Ocean State by Stewart O’Nan

In this unforgettable novel–disturbing, gorgeously written and poignant–working-class women and girls are pushed to extremes.

“When I was in eighth grade my sister helped kill another girl. She was in love, my mother said, like it was an excuse.” So opens Ocean State by Stewart O’Nan (West of Sunset; City of Secrets; The Odds: A Love Story). If this were a murder mystery, the killer’s identity is immediately known. But it’s not the crime itself that occupies the novel’s spotlight so much as the challenges faced by its four central characters.

They are four women, closely connected but very different. Angel is a popular high school student. Carol, her mother, is a nurse and stressed-out single mother, a bit preoccupied by her dating woes. Marie is Angel’s younger sister, forever watching other people’s lives as if they were movies and waiting for hers to begin. Birdy is Angel’s classmate. They both want the same boy, a rich kid who inevitably will leave their small town behind. Angel is his girlfriend of three years, Birdy his secret. The way these lives converge will change all of them forever. O’Nan presents the four women’s perspectives in turn, so that readers watch them build and crescendo to a violent crime and then tumble through its aftermath. The events are horrifying, and not only in terms of that final violence, the writing is lovely, glimmering. O’Nan evokes Ocean State‘s setting, the blue-collar Rhode Island town of Ashaway, with equal care: perhaps unbeautiful, but rendered with detail and tenderness.

O’Nan’s greatest accomplishment is in the compassionate portrayal of characters who are each guilty of smaller and larger wrongs, but whose motivations, concerns and battles always feel of real concern. Marie desperately wants to connect, with anyone. Carol wants the best for her daughters but can scarcely keep her head above water. Birdy has strong family ties but has succumbed to a dangerous infatuation. Angel is gripped by a version of love that contains a large dose of possessive rage. Interestingly, the boy that these girls focus on does not have his perspective revealed; readers meet him only as Birdy and Angel see him.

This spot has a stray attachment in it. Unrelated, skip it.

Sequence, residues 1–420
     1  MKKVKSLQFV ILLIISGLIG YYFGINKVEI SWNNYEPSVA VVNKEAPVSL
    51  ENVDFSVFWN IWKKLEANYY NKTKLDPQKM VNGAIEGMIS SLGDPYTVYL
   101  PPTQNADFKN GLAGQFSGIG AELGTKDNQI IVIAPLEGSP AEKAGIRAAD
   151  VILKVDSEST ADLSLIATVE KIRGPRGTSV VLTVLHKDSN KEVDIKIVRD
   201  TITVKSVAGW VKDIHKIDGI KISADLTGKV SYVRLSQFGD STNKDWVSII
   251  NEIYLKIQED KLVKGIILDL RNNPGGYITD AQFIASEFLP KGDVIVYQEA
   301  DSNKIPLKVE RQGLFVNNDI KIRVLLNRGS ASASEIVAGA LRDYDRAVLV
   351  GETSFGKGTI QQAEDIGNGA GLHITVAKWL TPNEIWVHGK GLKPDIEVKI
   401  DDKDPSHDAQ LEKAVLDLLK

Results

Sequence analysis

Because of how the book begins, readers always see the crime coming. Somehow, this does not reduce the suspense, as tension builds toward the unavoidable climax. Ocean State is a compelling, propulsive read: easy to inhale but difficult in some ways to stomach. This is a story less about love than about obsession and family connections and disconnections, and about the devastations of hardscrabble lives. The ugly turns beautiful in O’Nan’s scintillating prose, and his four main characters will linger with readers long after their stories end.

This review originally ran in the January 21, 2022 issue of Shelf Awareness for the Book Trade. To subscribe, click here.

Rating: 7 coffee cabinets.

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